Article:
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February 1, 2008
Can John McCain Pass
the GOP’s Reagan Purity Test? (Can Anyone?)
John McCain, all but
left for dead in the early stages of the presidential campaign, appears
to have comfortably seized the lead in the GOP primaries, having won
both South Carolina and Florida and holding great momentum heading into
In an election year
without a clear establishment candidate, the Republican establishment
has been clear all along that they prefer Anyone But McCain. From Rush
Limbaugh to Grover Norquist to the entire National Review
editorial staff, leading GOP stalwarts have major reservations about the
senator from Arizona. Sure, he’s a legitimate war hero, who has taken
solidly conservative positions on nearly every major issue throughout
his long career. But, clearly, he’s not a True Conservative, in the
Tradition of Ronald Reagan.
Why not? Well,
there’s his long-running feud with President Bush, his generally popular
standing in the media, and his opposition to torture (National Review’s
Katrina Jean Lopez even had the chutzpah to include “waterboarding” on a
list of Republican principles that McCain opposes.) He doesn’t have
nearly enough hostility to gays or illegal immigrants for GOP liking,
and – perhaps worst of all – he had the temerity to oppose the first
Bush tax cuts.
The revulsion about
McCain tells us a lot about what happened this year in the GOP race. I’d
assumed the candidates were merely lackluster, and perhaps they were.
But I think the real reason for the weak field is that the Republicans
have begun imposing a Reagan Purity Test that no candidate will ever be
able to meet. Not even Reagan himself.
Don’t forget that
while he did establish the winning formula and coalition that has become
a part of the GOP’s DNA, Reagan, at various times in his presidency,
raised taxes, negotiated with the Soviet Union and did little to
implement social change of a Christian nature. Were a GOP candidate to
govern as Reagan did today, he would likely be denounced as
un-Reagan-like by Limbaugh, Norquist and Co.
But if the Reagan
Legacy is defined the way today’s Republicans define it – multiple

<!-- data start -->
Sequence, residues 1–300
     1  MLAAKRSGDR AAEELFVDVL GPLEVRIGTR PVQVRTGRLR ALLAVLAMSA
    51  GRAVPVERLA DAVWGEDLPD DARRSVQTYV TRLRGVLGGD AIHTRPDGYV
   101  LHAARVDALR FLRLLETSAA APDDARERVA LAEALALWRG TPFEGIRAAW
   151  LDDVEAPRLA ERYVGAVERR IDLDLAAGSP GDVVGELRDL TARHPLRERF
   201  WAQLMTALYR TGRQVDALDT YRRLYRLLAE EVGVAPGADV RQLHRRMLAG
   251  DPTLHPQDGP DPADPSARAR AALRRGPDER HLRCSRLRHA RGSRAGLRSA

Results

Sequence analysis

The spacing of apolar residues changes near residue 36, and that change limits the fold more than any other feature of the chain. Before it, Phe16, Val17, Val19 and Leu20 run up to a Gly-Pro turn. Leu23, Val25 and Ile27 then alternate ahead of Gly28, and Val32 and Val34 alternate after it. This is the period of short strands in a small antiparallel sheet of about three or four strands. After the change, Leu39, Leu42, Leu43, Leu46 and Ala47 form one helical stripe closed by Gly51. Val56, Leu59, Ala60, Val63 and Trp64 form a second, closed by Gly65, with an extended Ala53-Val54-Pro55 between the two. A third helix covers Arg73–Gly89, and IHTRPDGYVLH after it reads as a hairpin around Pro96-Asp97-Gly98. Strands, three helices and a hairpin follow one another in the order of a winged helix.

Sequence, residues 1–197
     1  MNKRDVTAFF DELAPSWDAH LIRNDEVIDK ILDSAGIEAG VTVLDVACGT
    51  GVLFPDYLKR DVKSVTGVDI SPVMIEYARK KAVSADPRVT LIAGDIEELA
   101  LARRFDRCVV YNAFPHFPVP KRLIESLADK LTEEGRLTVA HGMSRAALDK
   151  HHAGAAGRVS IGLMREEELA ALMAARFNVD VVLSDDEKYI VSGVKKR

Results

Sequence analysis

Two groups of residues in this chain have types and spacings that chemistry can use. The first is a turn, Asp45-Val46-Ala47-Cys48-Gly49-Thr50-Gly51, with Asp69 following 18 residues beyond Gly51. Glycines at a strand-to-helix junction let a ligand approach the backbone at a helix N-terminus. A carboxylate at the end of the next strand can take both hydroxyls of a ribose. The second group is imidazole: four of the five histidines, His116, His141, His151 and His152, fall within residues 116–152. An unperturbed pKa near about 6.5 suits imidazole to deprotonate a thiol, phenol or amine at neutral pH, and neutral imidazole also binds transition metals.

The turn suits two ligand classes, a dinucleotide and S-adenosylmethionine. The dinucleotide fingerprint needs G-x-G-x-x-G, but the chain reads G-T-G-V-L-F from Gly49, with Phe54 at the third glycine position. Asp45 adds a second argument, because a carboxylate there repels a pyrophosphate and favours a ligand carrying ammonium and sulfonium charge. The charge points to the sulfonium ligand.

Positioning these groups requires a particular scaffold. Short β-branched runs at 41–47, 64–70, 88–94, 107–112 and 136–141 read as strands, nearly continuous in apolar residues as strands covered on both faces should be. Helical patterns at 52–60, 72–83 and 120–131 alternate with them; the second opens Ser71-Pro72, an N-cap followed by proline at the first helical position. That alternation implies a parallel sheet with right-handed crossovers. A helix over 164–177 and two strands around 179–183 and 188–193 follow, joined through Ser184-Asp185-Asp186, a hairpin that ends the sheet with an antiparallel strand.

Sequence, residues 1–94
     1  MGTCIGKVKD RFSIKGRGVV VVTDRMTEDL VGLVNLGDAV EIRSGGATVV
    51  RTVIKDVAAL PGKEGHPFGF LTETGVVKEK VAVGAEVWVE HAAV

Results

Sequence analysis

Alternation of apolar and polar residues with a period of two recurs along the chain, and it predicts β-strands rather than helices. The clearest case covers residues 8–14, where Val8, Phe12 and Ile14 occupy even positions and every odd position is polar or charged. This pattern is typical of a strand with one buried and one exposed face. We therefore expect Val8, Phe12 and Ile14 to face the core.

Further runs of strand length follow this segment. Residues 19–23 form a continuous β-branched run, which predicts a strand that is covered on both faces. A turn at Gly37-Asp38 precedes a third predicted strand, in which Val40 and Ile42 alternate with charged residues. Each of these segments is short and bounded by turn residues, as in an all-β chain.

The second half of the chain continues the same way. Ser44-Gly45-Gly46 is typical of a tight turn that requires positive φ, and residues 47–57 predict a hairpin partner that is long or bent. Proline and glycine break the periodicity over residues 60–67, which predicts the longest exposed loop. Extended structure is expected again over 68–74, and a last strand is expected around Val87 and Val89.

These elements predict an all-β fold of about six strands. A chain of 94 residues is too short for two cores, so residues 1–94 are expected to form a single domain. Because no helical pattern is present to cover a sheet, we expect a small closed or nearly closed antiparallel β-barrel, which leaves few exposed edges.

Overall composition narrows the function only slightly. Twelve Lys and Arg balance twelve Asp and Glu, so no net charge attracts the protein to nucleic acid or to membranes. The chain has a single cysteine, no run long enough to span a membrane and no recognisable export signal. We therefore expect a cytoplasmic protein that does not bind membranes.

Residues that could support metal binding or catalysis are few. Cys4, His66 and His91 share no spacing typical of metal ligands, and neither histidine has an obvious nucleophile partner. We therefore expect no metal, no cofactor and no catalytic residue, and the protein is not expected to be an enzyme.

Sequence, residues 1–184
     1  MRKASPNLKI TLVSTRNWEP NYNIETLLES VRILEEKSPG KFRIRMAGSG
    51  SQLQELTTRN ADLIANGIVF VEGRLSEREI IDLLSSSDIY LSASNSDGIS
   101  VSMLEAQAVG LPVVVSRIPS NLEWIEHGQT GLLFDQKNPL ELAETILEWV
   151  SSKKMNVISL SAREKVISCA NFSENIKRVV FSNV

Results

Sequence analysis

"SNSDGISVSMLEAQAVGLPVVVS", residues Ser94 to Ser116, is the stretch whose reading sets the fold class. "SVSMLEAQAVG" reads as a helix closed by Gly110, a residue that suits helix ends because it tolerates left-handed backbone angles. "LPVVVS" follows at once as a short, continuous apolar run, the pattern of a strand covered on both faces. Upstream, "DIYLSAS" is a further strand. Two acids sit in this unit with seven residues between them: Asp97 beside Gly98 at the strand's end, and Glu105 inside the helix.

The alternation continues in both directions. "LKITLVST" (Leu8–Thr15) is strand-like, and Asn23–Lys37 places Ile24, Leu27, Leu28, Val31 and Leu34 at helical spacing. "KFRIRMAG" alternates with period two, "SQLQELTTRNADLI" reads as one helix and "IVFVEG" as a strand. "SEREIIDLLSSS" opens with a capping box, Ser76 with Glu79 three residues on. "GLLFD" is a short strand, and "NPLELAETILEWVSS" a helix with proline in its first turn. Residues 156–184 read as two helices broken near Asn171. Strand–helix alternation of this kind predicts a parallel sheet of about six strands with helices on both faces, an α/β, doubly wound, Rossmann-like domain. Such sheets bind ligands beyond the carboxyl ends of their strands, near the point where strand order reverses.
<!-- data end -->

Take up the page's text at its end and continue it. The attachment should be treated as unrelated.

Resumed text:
marginal tax cuts, a tough posture abroad, and total fealty to the
religious right – then it would be more properly titled the Bush Legacy.
Naming it after Reagan is a mere marketing trick, since his presidency
is seen as successful, while Bush’s, of course, is not.
(How does Dubya feel
watching these debates, in which the Gipper is praised to the skies but
his own name is barely mentioned? He’ll certainly come up in the general
election, when the Democrats turn the nominee into “McCain Bush” or
“Romney Bush,” the way Bill Clinton in 1996 defeated “Dole Gingrich.”)
The further we get
from Reagan’s presidency, the bigger a part of the Republican discourse
Reagan becomes. On Wednesday night, for the second time this cycle, the
remaining Republican presidential candidates held a debate at the Ronald
Reagan Presidential Library in Simi Valley, California. The event’s
setting had two appreciable effects – that the candidates were required
to shoehorn some mention of Reagan into every one of their answers, and
that every single position advocated by any of the candidates must, in
its very nature, be part of “the Reagan legacy.”
was the debate’s close, in which the candidates were, ludicrously, asked
by Anderson Cooper why Ronald Reagan would endorse them, were he alive
today. McCain and Mitt Romney both argued unconvincingly that a man who
has been dead for four years and out of politics for 20 must have
carefully formed opinions about the goings-on of the current campaign.
Mike Huckabee, to his credit, pointed how ridiculous this was . . .
until seconds later, when he instead said he would like to endorse
Romney, in a move
that was B.S.-heavy even by his standards, went off on a ludicrous
screed near the end of the debate about various positions Reagan would
hold today if he were alive, such as opposition to amnesty (something
the Gipper himself signed into law in 1986) and support of the Federal
Marriage Amendment (which wasn’t even introduced until long after Reagan
was last sentient.)
It’s gotten to the
point where candidates interpret Reagan’s presidency the way theologians
interpret scripture, picking out the parts they like and twisting them
to mean whatever they want them to mean. It’s like every candidate
approaches every issue with the following formulation: 1. I like
position X. 2. I also like Reagan, so 3. Position X, and I myself, must
be at one with the Reagan tradition.
Say what you will
about the Democrats and their various litmus tests. But they have
nowhere near the mandate for ideological purity, nor the cult of
personality, based around one particular ex-president. That’s what
happens when a party, rather than looking to the future, chooses to live
in the past.
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